In 1986, the Los Angeles Public Library burned. Four hundred thousand books were lost. A New Yorker reporter investigates the event and the history of libraries.
We will study a mystery, meet memorable characters, and learn odd facts. A fun book for book lovers.
The author moved into the ambassador’s residence in Prague and discovered hidden swastikas. He investigated. This book is the startling history of this building and its occupants.
Note: An extra credit assignment is to also read Never Stop Walking, by Christina Rickardsson. This is her journey from poverty in Brazil, to education in Sweden, and beyond.
An intense novel of war, medicine, and romance set in World War I.
The New York Times liked it: “Brims with improbable narrative pleasures. Pages crackle with excitement. A spectacular success.” Also liked by the Washington Post, the San Francisco Chronicle and NPR.
Note: Nicky & Ron ask that we bring appetizers and wine. We will nibble and converse elegantly in a common room at their new residence, Holladay Park Plaza.
fascism [fash-iz-uh m] : a political movement that follows the principles and methods of Mussolini in Italy 1922-1944.
This book examines its methods, revival, and danger. Secretary Albright was U.S. Secretary of State and is a World War II refugee from Czechoslovakia. Chosen as a Best Book of 2018 by The Economist.
Some reviewers noted that the audio version, read by the author, was clear and powerful.
Americanah is the story of two Nigerians making their way in the U.S. and UK.
It is the Multnomah County Library Everyone Reads 2019 selection.
Also, winner of the National Book Critics Award for Fiction, one of PBS’s best-loved novels, and a Barack Obama summer reading pick.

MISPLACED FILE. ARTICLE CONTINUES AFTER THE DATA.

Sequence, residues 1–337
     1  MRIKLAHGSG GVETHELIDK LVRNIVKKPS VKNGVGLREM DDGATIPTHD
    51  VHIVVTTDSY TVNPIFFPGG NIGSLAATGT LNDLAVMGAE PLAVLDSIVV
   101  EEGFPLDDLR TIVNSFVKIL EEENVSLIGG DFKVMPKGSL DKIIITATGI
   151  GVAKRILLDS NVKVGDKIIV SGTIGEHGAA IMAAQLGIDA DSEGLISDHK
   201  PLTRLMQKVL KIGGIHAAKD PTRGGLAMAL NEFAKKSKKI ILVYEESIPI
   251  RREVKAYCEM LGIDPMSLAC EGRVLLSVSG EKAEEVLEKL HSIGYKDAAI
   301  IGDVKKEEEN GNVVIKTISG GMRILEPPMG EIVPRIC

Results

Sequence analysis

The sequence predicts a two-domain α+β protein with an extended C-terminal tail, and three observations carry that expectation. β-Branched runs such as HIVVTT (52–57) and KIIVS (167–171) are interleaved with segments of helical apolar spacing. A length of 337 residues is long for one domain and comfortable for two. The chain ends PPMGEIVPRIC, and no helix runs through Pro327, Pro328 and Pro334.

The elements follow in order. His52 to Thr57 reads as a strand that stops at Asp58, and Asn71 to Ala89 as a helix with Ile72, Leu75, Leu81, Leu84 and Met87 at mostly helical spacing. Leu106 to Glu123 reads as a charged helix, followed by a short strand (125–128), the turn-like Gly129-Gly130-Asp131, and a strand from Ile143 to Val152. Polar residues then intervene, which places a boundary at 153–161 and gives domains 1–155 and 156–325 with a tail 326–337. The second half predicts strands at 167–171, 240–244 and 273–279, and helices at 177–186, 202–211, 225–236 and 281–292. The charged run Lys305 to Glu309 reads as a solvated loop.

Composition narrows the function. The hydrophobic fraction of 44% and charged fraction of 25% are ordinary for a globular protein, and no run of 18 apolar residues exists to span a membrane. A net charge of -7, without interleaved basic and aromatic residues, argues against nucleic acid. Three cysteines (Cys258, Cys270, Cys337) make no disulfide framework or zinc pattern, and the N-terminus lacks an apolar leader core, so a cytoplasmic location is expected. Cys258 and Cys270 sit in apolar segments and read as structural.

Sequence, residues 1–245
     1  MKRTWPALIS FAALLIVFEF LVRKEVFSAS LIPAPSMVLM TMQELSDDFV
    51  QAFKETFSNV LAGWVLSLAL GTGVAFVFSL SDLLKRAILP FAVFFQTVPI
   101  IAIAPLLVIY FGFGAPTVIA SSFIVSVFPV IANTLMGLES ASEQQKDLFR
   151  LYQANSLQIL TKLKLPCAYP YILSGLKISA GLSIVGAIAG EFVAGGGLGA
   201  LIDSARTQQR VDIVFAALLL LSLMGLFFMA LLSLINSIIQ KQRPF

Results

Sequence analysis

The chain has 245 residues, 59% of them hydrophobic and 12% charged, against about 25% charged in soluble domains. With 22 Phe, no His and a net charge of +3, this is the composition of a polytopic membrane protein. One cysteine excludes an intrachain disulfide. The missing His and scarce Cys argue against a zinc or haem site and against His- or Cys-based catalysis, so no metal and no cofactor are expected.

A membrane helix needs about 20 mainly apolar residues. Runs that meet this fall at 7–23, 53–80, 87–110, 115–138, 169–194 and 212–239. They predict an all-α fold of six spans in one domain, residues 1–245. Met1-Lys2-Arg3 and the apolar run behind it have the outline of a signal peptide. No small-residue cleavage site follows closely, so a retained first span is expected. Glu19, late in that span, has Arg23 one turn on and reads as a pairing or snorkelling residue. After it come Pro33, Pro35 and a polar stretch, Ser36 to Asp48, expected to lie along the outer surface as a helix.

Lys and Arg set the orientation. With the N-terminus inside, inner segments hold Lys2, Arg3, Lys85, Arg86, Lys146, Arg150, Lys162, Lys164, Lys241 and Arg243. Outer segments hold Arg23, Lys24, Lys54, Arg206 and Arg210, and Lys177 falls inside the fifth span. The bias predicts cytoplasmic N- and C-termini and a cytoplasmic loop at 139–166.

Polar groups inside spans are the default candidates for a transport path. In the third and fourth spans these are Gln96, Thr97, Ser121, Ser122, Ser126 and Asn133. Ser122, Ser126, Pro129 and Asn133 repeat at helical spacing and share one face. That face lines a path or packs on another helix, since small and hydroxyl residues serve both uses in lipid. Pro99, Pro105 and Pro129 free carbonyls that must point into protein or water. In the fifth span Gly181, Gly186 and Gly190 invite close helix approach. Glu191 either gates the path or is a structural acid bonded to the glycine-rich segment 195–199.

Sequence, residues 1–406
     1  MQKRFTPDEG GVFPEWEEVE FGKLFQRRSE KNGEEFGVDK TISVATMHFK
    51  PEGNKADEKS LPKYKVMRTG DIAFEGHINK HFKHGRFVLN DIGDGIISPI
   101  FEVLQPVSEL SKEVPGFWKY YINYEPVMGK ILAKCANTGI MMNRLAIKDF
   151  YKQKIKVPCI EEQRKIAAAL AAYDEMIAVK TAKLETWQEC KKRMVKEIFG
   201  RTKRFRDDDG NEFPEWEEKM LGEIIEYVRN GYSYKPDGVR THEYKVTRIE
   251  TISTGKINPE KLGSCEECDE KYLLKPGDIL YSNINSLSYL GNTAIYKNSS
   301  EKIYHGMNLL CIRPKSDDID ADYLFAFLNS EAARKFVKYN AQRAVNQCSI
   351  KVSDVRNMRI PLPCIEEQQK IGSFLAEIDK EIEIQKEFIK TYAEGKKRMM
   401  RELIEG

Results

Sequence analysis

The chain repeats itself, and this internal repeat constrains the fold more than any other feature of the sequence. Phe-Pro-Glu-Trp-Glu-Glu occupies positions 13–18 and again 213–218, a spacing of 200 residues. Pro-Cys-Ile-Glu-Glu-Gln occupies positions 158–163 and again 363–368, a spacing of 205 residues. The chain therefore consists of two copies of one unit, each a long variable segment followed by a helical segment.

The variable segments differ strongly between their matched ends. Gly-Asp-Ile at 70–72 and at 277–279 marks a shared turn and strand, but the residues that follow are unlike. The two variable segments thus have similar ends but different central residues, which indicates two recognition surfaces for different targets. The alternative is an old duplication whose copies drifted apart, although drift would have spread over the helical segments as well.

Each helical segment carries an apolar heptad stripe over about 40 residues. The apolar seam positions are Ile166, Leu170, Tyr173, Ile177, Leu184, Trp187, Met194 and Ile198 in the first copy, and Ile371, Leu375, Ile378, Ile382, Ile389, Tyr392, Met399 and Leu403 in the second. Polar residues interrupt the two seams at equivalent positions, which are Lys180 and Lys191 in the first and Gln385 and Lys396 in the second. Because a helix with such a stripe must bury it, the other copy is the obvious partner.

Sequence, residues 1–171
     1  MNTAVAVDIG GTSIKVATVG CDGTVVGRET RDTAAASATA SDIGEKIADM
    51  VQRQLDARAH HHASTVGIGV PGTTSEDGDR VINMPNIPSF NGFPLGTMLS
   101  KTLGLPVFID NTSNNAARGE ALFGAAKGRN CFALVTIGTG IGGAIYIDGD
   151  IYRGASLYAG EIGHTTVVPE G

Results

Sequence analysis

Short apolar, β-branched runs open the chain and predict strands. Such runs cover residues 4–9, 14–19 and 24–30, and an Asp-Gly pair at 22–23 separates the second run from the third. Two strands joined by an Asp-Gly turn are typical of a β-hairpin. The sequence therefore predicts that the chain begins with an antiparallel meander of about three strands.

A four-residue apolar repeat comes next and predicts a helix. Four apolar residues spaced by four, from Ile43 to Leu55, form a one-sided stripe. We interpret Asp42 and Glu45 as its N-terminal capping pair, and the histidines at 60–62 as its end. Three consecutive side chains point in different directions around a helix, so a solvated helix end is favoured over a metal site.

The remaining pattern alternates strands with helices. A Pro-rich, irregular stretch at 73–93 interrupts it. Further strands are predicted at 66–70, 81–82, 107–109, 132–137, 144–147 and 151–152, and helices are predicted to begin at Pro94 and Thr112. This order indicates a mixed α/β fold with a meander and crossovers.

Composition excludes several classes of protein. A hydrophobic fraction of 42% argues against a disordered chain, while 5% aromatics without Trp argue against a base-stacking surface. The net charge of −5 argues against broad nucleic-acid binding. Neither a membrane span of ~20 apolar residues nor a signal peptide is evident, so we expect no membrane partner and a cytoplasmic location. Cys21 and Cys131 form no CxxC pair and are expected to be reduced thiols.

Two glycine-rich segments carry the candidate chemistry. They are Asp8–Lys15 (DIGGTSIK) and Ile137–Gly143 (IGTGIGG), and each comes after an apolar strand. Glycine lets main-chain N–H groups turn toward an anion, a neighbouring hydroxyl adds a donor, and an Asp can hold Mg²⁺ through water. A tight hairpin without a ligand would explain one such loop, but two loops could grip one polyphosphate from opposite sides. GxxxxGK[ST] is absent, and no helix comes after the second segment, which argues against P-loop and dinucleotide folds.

Wikipedia has a nice profile of the author.
To organize the events and lessons of the book, you may profit from the author’s TED talks: The Danger of a Single Story (2009, 20 min) and We Should All Be Feminists (2012, 30 min).
A widely praised book by a respected author.
Some reviews: “A haunting and vivid portrait of an Irish Catholic clan in early 20th century America” / “A remarkable snapshot of early 20th-century Irish-Catholic Brooklyn” / “Vivid and arresting. Marvelously evocative.” — The Associated Press, Entertainment Weekly, The New York Times Book Review.
Our local libraries have many copies, including large print and audio books.
The author is the Richard A. Macksey Professor of the Humanities at Johns Hopkins University. (more details)
The blurb is excited: From the acclaimed author of Empires of Sand comes a mesmerizing new adventure. Sweeping from the drawing rooms of Paris to the palace of Suleiman the Magnificent to the dark hold of a slave ship racing across the sea, here is a dazzling story of love and valor, innocence and identity, an epic novel of the clash of civilizations on a barren island where the future was forged.
By David Ball; 2004; 688 pages. Also published as Sword and the Scimitar, 2003.
→ Amazon Goodreads